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Legislative Assembly for the ACT: 2003 Week 7 Hansard (26 June) . . Page.. 2586 ..



directly to staff of the agency, because the allocation of duties and powers within the agency is a matter for the board to decide.

The board can only delegate to the CEO. Delegation by the CEO to staff would be a subdelegation, which is not permitted by the Legislation Act. To make clear the ability to delegate from the agency to staff, the government has decided that section 56 should be amended, and that is what this amendment is about.

This amendment to the bill does not affect the actual level or nature of delegation. It only operates to the extent that the agency itself has a delegation from the ACT Planning and Land Authority. The amendment is a technical one to avoid the possibility of breaching the Legislation Act by providing for subdelegation and allows for the proper administration of the Land Development Agency's functions.

Mr Speaker, I wrote to all crossbench members and to Mrs Dunne on 18 June this year outlining these amendments and offering a briefing. I make the point that this was prior to the amendments being circulated in the Assembly when consideration of this legislation was last adjourned.


(3.57): Mr Speaker, the Liberal opposition will be opposing this amendment. The minister gives a reasonable representation of why this provision might be necessary one day: it might be necessary for someone to issue several hundred leases at one time and that would be inconvenient for the chief executive, which is what it boils down to.

This issue was specifically canvassed in evidence and in discussion before the Planning and Environment Committee when we looked at the planning and land legislation in October of last year. It was an issue of some concern because this power is already delegated, Mr Speaker. It is a power that rests with the executive as being delegated to the ACT Planning Authority, as it will become on 1 July. At the time, members of the committee had considerable reservations about whether that delegation should be further delegated to another authority.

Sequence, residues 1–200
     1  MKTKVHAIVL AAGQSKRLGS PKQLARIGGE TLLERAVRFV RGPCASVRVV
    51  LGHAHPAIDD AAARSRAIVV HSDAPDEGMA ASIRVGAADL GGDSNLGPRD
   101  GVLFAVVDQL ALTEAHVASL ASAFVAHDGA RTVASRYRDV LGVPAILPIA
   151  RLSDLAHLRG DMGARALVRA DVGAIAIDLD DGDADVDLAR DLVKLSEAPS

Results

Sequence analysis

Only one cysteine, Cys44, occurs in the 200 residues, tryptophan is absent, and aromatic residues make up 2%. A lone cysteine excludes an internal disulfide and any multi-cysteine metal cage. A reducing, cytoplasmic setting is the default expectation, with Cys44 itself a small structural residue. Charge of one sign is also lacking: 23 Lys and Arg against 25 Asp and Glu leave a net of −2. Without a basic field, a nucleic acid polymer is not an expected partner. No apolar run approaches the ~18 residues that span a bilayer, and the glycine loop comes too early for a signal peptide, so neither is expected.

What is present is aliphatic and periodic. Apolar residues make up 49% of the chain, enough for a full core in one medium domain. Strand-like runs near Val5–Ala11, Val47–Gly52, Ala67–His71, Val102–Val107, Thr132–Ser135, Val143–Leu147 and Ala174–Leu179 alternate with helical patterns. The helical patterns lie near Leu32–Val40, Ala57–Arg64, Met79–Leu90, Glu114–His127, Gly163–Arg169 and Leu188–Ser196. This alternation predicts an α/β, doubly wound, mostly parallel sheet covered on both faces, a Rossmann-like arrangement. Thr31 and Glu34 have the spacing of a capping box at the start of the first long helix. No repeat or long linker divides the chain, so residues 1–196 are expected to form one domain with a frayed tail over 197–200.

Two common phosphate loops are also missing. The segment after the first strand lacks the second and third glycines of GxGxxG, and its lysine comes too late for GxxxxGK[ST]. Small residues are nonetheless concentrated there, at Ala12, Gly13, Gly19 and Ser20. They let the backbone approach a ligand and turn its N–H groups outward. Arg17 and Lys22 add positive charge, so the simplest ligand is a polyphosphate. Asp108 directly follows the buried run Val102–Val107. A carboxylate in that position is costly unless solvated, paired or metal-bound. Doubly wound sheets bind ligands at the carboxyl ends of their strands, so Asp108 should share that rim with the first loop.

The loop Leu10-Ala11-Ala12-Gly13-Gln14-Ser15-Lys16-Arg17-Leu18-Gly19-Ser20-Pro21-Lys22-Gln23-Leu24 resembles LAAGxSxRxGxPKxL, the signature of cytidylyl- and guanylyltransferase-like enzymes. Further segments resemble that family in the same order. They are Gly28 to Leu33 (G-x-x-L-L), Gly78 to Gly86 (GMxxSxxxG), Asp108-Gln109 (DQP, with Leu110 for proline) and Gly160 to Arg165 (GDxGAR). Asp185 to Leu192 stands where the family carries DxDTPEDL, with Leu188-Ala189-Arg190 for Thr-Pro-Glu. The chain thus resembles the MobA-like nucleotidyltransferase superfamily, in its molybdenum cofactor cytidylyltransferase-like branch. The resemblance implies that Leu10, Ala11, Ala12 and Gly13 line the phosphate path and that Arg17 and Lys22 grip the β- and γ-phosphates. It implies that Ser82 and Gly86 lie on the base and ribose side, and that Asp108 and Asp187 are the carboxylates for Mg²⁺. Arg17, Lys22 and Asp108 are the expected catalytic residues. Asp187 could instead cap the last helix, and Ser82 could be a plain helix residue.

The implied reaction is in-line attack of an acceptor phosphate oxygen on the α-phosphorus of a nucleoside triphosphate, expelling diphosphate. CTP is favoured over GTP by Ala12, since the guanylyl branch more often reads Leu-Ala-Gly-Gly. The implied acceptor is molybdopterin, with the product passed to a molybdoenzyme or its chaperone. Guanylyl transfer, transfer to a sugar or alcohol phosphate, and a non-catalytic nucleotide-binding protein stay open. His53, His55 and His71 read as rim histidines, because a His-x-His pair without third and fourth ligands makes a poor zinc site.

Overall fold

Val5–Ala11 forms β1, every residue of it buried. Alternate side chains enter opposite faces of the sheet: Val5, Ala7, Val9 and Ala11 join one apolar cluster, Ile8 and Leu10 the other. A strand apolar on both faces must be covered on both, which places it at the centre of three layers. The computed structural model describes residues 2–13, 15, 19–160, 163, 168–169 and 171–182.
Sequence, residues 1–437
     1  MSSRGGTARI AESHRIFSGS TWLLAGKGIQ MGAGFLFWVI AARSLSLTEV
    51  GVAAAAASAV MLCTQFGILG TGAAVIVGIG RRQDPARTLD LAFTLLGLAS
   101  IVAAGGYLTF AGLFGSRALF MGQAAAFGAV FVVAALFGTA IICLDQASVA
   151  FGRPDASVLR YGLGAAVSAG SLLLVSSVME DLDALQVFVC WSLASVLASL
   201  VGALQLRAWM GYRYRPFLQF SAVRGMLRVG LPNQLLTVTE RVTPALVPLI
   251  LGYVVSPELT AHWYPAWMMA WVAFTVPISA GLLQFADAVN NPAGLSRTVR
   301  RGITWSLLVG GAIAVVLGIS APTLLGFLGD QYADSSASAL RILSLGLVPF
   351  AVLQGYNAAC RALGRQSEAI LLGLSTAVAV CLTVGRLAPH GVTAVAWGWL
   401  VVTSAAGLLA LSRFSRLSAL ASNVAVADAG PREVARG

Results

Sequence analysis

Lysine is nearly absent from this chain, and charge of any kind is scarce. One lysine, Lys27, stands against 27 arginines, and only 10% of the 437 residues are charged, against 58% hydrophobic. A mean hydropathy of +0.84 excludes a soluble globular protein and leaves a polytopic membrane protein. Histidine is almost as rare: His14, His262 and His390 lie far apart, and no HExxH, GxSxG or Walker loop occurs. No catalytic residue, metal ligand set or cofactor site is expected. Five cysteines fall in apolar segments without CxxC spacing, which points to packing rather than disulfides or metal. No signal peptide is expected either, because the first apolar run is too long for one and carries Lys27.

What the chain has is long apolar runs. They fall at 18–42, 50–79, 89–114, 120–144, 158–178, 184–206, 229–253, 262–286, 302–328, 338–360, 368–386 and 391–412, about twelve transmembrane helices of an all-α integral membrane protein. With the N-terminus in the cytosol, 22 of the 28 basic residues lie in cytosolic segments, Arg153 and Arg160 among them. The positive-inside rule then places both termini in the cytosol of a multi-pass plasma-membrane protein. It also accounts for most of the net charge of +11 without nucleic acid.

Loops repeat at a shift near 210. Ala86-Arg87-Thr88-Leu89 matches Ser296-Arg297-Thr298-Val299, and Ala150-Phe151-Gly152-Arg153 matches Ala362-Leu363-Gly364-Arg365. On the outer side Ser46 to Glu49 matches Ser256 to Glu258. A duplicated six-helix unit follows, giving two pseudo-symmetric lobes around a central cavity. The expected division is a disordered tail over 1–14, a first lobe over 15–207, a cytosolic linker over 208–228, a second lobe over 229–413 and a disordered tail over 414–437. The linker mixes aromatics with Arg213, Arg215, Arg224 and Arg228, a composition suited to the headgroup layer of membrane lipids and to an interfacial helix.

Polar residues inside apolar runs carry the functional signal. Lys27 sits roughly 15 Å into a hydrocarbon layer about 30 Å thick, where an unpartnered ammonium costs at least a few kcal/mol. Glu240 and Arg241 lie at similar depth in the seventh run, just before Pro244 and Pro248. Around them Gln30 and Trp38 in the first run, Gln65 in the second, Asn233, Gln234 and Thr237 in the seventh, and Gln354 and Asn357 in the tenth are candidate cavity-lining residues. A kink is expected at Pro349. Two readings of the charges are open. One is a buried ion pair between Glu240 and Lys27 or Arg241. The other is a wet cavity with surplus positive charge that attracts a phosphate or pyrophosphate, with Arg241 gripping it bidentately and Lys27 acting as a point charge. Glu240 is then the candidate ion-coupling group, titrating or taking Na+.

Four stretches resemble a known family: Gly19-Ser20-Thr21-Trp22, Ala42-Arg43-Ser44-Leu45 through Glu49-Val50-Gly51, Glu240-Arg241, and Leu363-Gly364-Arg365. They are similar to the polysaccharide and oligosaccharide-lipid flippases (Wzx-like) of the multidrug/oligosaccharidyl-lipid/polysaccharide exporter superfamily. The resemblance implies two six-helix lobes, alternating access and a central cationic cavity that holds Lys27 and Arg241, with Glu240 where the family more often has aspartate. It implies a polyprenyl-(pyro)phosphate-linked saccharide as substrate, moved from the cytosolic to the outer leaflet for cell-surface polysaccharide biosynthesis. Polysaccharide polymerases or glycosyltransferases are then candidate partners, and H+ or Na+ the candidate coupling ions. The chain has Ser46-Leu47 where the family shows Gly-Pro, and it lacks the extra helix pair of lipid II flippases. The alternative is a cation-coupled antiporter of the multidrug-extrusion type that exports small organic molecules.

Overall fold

At this stage, having had discussions with parliamentary counsel as to the genesis of this delegation, the Liberal opposition is not satisfied that the need has been demonstrated, that we need to further delegate this power. Delegation is always a difficult and contentious issue. How far do you delegate? Who has the power to do it? I do not want to see the situation arise where the power to issue leases ends up the responsibility of a registry clerk or something of this nature.

This is a very important matter. It is a matter that occupied some time and some amount of discussion in the Planning and Environment Committee when we looked at this bill. We had concerns about the necessity or the efficacy of delegating again that power which was already delegated. Using the legal nostrum delegatis non delegare, I cannot at this stage support this amendment.

If the minister wants to come back here after the land agency has been operating for some time and demonstrate that there is an absolute need to delegate this power further, I will consider it. At this stage, I am not convinced. I think that it is sufficient, for something as important as issuing leases in the ACT, that this power should be kept to a

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